Next to the presentation of a number of significant individual works (by Mishkova, Daskalov, Georgieva, Popova, Gergova, Avramov, Gavrilova and themselves), they devote space to some relevant developments in neighboring disciplines (Balkan studies, sociology, ethnology and literary studies), since history is narrowly conceived in Bulgaria, and therefore many novelties that could belong to the field of history are incorporated outside of it. They take the Bulgarian debate on fascism to indicate the strangeness of the 1990s, when the ideological enemy (the Marxist-Leninist-Stalinist ideological dogma) does not need to be disputed any longer, still this debate fulfils the function of legitimizing the non-political status of the expert study of history – which has by now come to acquire the states of “art for art’s sake” in their opinion (pp.462-4).

In their conclusion, Elenkov and Koleva talk of impeded pluralism and mention the emergence of new topics as the only truly positive development (p.465). While the article is certainly informative and provides introductory paragraphs to several crucial Bulgarian authors, I believe the reader could have been better served with more discussion of scholarly oeuvres and interpretative trends, instead of the somewhat homogenizing narrative and general critique of the profession, which at times feels much like lamenting. 
In sum, this volume is based on an immense amount of material, is highly informative and at times, even if not throughout, strongly analytical. Importantly, the book also has long and excellent bibliographies for each country. The lack of greater systematization of the presentations is advantageous in the sense that no homogenous vision is imposed and the reader needs to consider each country on its own terms. At the same time, some points are made in each article [such as the ‘relative relevance’ of 1989, the conservatism of the profession, the (implicit or explicit, often narrow) definitions of the profession, the lack of theoretical and methodological training and interests, the emergence of new themes as one of the most significant change, the importance and types of political histories, the place and frequent weakness of gender history, etc.]. These could have been presented in more strictly comparative ways. Moreover, one might wonder to what extent the divergences we can discern between the countries are a result of the authors’ perceptions and preoccupations and to what extent they can be taken as a direct reflection of the actual differences between the historiographies of the countries under examination (for instance, Slovak historiography appears to have produced way fewer significant works than Czech, which might be the case or might be due to the more superficial versus scholarly focus of the authors).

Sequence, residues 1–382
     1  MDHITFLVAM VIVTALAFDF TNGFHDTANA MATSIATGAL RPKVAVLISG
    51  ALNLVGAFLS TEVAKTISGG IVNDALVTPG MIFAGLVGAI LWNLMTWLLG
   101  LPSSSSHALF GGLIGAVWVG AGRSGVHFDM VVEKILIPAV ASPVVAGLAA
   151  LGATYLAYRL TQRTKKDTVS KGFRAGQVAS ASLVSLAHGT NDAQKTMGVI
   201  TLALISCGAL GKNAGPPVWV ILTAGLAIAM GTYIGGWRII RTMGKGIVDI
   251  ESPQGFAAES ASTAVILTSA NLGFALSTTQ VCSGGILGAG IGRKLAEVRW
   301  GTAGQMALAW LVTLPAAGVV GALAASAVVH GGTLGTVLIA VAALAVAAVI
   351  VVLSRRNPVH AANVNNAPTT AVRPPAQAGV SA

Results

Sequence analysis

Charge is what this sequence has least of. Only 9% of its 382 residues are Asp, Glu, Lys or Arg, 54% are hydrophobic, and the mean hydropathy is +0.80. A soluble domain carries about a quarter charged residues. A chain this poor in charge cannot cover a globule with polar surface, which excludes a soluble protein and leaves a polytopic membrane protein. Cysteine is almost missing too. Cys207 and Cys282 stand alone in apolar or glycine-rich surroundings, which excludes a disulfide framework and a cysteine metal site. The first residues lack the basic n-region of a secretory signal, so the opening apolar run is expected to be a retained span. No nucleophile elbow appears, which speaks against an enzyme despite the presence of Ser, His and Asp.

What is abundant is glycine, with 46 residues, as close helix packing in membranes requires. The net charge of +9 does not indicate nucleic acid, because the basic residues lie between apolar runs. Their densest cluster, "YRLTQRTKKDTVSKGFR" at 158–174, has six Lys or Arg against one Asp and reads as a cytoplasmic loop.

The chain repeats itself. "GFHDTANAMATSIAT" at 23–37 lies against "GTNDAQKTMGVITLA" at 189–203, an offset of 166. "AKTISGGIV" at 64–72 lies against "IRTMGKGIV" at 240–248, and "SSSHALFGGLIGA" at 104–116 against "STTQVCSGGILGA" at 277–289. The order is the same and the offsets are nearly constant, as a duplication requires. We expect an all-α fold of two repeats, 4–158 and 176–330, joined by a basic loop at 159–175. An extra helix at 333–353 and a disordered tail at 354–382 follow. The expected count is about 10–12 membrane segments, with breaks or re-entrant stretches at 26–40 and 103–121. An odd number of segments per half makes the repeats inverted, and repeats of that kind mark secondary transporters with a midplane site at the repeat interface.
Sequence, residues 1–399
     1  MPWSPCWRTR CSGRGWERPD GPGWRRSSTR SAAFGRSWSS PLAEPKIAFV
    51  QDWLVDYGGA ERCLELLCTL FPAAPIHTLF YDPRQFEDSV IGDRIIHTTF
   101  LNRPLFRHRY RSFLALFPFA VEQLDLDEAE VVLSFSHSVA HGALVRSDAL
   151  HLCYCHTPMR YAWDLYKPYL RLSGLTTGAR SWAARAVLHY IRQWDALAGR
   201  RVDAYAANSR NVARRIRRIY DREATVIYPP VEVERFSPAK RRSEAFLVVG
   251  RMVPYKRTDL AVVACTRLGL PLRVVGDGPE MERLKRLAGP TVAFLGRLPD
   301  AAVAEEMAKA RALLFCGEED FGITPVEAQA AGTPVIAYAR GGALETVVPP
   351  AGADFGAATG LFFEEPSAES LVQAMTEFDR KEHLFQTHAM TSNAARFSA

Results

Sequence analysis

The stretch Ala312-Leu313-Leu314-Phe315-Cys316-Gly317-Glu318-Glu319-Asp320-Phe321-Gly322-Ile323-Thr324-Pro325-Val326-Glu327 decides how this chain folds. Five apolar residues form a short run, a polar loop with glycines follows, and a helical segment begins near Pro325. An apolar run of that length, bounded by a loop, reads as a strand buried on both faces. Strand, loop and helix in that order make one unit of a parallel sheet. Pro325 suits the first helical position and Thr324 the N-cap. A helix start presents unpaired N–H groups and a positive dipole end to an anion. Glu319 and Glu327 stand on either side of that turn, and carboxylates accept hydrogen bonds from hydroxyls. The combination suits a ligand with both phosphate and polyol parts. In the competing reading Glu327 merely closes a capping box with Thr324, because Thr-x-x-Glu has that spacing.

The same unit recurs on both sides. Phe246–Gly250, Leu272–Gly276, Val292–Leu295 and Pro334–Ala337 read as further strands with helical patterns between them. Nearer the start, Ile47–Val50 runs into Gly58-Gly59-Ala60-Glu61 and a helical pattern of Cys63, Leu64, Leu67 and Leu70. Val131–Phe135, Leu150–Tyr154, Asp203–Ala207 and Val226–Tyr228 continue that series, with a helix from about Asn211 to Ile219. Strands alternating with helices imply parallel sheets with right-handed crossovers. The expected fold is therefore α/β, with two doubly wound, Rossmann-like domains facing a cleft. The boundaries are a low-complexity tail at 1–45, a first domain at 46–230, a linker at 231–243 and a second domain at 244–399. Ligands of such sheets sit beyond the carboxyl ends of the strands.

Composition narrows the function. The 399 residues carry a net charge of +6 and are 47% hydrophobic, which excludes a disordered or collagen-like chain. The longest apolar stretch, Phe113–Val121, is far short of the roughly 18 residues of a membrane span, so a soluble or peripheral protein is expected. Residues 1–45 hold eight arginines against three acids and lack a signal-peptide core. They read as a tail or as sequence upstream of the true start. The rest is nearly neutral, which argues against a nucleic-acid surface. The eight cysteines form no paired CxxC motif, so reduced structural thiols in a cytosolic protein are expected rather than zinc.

On the most general level, the concept for the book is based on the mixing of the periodizations of history and historiography (after all 1989 is a historical date, not a historiographical) and exploring how much there is a real coincidence/simultaneity of dynamics. In a book based on such a concept, it is somewhat surprising to find most authors disagreeing with the view of 1989 as a decisive point in time for the profession. They tend to prefer to tone down its importance and positive impact, even if they would “support developments.” Górny in many ways even reverses the assessment of the two periods for Polish historiography, on the other end of the scale Petrescu and Petrescu stress how positive, even if insufficient the changes have been in Romania.
In my assessment, the studies on the Czech Republic and Hungary stand out as the best ones, since they present the greatest amount of historical scholarship and also succeed at critically reflecting on them in their dense pages. Without questioning that familiarity with the (institutional) context of scholarship is important, I would still maintain that since access to such information can be found in other ways too while in-depth introductions to local/national historians and scholarly developments is much more difficult to find, it is the latter that should be seen as the primary benefit of the publication of this volume. In particular, the article by Kopeček and Kolář succeeds in not only lamenting the absence of Western expertise and synchronization, but critically confront existing scholarship with such standards and point to how Czech adaptations have been (at times they have been excellent, at others they have produced mutants). This article also has a sufficiently complex argument and a clear structure.
In sum, the claim that the present volume “could be used as a building block for a history of European and global historical studies; as a heuristic reference for similar projects; as a pedagogical means for classes in the history of historical studies, both in Eastern Europe and elsewhere” (p.X) is justified. The authors have taken care of an important task that can hopefully trigger more of needed reflection and contribute to making historical studies in Eastern Europe and intra- and inter-regional exchanges more sophisticated.